4. Conclusions

The structural study of samples reveals that Ca2+ does not replace Ba2+ in proper quantity as compared to Sr2+ and Fe ions. The substitution of La3+ for Ba2+ and Sr2+ in M-type hexaferrite is associated with a valance change of Fe2+    Fe3+ at octahedral 2a or 4f2 site. Among the samples having higher concentration of Sr2+ with suitable concentration of La3+ in M-hexaferrite shows largest variation in AC. Conductivity and dielectric polarization along with conduction enable us to conclude excess formation of  Fe2+ ion and dually supported by negative value of thermoelectric power. Due to such a high value of dielectric parameters, it can be very useful for application discussed like RAMs. Furthermore, in the magnetic studies we observed high values of magnetic parameters for La-substituted Ca, Sr, Ba, and M-hexaferrite (R3) are concerned with high interaction between La3+ and Sr2+ ions and also support the formation of single domain particles as the magnetization process takes place by spin rotation instead of domain wall displacement. These samples can be selected for the production of permanent magnets.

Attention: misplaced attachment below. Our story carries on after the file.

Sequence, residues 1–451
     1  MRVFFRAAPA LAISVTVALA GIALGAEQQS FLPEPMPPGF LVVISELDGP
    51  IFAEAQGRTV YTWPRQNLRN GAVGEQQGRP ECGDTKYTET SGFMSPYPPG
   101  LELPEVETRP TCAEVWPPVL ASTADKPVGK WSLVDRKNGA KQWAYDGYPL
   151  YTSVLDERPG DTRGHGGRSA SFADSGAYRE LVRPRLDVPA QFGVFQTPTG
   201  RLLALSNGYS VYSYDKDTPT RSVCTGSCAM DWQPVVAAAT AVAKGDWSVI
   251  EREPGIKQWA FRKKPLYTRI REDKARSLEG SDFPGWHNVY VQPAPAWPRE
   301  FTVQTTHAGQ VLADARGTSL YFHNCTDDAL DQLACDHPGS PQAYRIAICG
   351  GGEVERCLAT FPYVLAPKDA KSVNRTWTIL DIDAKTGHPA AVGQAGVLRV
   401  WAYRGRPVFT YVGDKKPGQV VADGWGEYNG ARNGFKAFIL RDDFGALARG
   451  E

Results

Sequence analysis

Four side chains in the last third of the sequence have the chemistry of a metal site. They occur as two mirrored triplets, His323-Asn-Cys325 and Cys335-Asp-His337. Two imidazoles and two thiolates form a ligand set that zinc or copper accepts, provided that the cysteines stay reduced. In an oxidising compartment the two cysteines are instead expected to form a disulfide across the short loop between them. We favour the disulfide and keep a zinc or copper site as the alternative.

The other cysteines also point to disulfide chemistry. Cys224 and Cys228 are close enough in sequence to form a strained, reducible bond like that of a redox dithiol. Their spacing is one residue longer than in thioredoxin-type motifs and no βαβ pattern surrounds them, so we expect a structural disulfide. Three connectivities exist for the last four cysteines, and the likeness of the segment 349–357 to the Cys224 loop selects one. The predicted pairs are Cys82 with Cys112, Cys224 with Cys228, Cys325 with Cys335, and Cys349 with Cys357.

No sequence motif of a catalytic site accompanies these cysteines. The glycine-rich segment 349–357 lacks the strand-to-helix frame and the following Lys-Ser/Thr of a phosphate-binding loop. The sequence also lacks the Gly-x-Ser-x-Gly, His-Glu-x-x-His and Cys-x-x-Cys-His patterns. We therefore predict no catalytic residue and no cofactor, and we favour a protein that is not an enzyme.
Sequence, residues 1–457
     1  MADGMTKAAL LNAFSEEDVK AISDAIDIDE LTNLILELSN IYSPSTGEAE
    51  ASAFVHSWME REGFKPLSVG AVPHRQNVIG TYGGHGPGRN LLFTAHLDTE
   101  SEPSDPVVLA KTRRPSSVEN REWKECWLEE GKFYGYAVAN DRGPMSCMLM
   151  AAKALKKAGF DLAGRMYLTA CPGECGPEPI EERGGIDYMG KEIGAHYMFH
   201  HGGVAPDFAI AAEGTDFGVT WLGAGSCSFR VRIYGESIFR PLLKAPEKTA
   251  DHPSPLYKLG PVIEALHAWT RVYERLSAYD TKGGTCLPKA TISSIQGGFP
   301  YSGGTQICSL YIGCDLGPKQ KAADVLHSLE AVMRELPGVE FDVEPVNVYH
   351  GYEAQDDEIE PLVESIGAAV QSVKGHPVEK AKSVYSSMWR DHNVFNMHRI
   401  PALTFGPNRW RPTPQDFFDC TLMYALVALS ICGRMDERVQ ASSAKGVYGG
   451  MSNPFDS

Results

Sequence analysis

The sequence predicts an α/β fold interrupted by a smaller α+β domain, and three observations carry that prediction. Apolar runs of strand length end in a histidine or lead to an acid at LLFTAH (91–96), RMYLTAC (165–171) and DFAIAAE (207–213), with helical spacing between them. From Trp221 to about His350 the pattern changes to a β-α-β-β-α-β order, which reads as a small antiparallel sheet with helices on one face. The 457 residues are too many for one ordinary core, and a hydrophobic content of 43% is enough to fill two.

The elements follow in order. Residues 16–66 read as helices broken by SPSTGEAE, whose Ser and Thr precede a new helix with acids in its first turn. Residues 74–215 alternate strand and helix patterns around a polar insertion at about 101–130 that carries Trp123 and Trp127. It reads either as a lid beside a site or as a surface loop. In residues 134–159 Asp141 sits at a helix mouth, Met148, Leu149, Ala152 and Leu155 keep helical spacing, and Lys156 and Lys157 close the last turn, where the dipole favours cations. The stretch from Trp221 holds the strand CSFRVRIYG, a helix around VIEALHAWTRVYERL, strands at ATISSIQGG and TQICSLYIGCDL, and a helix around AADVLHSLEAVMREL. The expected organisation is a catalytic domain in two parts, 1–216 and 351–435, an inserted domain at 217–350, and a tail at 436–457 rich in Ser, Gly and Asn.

1. J. I. Kraschwit and M. Howe-grami, “Explosive and propellant to flame retardants for textiles,” in Encyclopedia of Chemical Technology, vol. 10, p. 381, 4th edition, 1993. View at Google Scholar
  2. D. Ravinder and P. V. B. Reddy, “High-frequency dielectric behaviour of Li-Mg ferrites,” Materials Letters, vol. 57, no. 26–27, pp. 4344–4350, 2003. View at Publisher · View at Google Scholar · View at Scopus
  3. K. Iwauchi, “Dielectric properties of fine particles of Fe3O4 and some ferrites,” Japanese Journal of Applied Physics, vol. 10, pp. 1520–1528, 1971. View at Publisher · View at Google Scholar
  4. C. G. Koops, “On the dispersion of resistivity and dielectric constant of some semiconductors at audiofrequencies,” Physical Review, vol. 83, no. 1, pp. 121–124, 1951. View at Publisher · View at Google Scholar
  5. J. J. Went, G. W. Rathenau, E. W. Gorter, and G. W. van Oosterhout, “Ferroxdurc, a class of new permanent magnet materials,” Philips Technical Review, vol. 13, pp. 194–208, 1951. View at Google Scholar
  6. J. Smit and H. P. J. Wijn, Ferrites, Philips Technical Library, Eindhoven, The Netherlands, 1959.
  7. P. B. Braun, “Ferrites,” Journal of Chemical Education, vol. 37, p. 380, 1960. View at Google Scholar
  8. J. Smith and H. P. J. Wijn, “Ferrites,” Journal of Chemical Education, vol. 37, no. 7, p. 380, 1960. View at Google Scholar
  9. E. P. Wohlforth, “Transport properties of ferromagnets,” in Ferromagnetic Materials, vol. 3, chapter 9, North-Holland, Amsterdam, 1982. View at Google Scholar